Tuesday, September 15, 2009

Solar plant discussions part deux...

Just a reminder that the Mohave County Planning and Zoning Commission will continue the meetings on the two proposed solar power plants tomorrow September 16th at 10:00am at the county administration building on Beale.

I was not there last week and haven't watched the video of the meeting online or otherwise. Judging from the articles published so far, it sounds like only the Albiassa owned plant made it to the public discussion. I am more interested in the Hualapai Valley Solar project (the one near the Red Lake area) as they are the group talking about using waste water produced by the residents in the Kingman area. I see it as a smarter way to use the 'precious' resource rather than allowing it to simply evaporate away after one use.

So if you are in the area, stop by and check out this meeting. Feel free to give some updates in the comments, share with everyone your take.

As a reminder of what went down at last weeks meeting, my good friend Dave Hawkins sent me the following article that will appear in this weeks Standard. It is posted below all italicized and all that.

Article provided by Dave Hawkins

Consideration of requests related to proposed development of a major solar power facility southeast of Kingman featured plenty of familiar debate between those who support and oppose the project. But discussion at the September 9 meeting of the Mohave County Planning and Zoning Commission also included exchanges between a couple Commission members and Mike Horner, the Litchfield Park resident who owns the land where the 200-megawatt AlbiasaCorp. facility would be built and operated.

Member Mehdi Azarmi said the operation's consumption of groundwater has been the key issue of concern all along and that project officials need to be more specific and factual in that arena. Azarmi and Commissioner Carl Flusche said varying numbers keep surfacing in discussions.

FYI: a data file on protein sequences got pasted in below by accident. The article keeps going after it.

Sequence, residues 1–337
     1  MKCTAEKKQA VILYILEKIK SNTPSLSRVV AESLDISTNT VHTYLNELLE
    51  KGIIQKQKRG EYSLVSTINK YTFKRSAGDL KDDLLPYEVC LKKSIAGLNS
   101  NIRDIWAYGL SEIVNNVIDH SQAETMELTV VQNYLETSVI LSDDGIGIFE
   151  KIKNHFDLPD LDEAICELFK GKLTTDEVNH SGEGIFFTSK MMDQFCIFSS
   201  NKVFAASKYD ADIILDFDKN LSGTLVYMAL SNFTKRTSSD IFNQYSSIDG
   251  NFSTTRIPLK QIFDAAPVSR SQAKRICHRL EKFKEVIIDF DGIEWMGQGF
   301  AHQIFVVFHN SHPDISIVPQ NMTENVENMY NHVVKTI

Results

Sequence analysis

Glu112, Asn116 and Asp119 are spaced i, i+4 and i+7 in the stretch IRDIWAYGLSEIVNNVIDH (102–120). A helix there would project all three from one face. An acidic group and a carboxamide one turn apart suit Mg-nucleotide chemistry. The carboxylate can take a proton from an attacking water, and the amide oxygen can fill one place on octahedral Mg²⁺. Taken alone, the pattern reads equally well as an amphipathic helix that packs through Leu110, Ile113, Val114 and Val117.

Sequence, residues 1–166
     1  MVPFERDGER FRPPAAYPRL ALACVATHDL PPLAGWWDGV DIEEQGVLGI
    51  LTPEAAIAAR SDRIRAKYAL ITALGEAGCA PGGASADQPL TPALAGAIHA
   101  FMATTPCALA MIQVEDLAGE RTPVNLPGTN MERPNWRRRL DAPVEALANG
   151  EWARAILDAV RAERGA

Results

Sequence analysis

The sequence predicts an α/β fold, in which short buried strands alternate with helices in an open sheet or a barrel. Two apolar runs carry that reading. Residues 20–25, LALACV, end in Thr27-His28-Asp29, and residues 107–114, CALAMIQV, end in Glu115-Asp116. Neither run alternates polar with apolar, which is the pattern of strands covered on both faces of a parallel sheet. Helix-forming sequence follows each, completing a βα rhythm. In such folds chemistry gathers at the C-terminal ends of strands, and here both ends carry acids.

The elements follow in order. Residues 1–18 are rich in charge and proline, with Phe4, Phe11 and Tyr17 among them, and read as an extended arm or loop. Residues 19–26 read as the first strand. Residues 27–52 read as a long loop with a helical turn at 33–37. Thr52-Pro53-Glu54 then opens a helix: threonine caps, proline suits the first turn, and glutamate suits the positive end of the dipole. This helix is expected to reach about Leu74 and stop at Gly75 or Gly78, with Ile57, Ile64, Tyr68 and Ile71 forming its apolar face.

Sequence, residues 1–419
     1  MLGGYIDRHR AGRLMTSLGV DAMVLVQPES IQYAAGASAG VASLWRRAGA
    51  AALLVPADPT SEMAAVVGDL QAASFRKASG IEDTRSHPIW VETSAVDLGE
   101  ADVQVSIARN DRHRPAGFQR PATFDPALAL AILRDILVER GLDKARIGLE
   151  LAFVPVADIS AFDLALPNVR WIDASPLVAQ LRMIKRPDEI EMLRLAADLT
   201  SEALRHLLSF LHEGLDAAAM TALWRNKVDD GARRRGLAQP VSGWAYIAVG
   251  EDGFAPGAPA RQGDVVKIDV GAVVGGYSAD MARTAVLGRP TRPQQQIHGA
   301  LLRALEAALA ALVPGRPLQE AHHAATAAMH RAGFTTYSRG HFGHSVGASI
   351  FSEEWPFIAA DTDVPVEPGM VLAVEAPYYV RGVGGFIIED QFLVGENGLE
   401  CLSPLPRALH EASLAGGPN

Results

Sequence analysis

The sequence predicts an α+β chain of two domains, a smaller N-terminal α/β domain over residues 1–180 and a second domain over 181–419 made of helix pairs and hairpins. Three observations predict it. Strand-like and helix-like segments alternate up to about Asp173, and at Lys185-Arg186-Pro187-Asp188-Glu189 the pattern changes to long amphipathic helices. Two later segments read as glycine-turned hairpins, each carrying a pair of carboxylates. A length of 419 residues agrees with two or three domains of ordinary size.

``You gotta (sic) start being up-front and straight shooters with the people because otherwise you're not going to get the results that you want," Flusche said.

Horner responded that groundwater consumption was forecast between 1,000 and 4,000 acre-feet per year when the project was initially announced. He said engineering and design analysis has refined that figure to a current consumption expectation of 2,275 acre-feet per year.

Flusche said Commission members received e-mail and other communication from citizens who complained they didn't get straight answers during the series of public information meetings that project officials held in previous months. Horner said the complaints come from critics who can't reasonably consider the merits of the project.

``The data that was given at some of our meetings was not the data that some of the opponents were looking for and that's probably the reason that they blew up your phones or sent you 15 e-mails," Horner said. ``Anybody who knows me knows I'm probably more direct than courteous. I'm very direct and if I know it I will tell you what it is, and if I don't I'll tell you I don't know, but I'll find out. I don't come to these meetings to try to pull the wool over anybody's eyes."

Project critics, as they have whenever the solar facility has been the subject of a public meeting, spoke critically of use of technology that will consume groundwater. They repeated their concern that the water is consumed locally to generate power that will be sold elsewhere to the highest bidder.

Project officials and their supporters repeated their point that the power plant will serve as a stimulus to the local economy and take a necessary progressive step forward as the nation turns to cleaner energy production and the need to wean itself of its foreign oil dependance. They again noted the 1,000 jobs that would be provided during project construction and the 100-plus people who would be put to work to run the facility.

The discussion gobbled up about two hours, and the Commission adjourned the meeting without voting on Albiassa matters or other requests related to the larger Hualapai Valley Solar facility proposed north of Kingman. Both projects were to come back before the Commission in a continued hearing scheduled September 16.

(Look to future editions of the Standard for continued coverage of the solar power project proposals)

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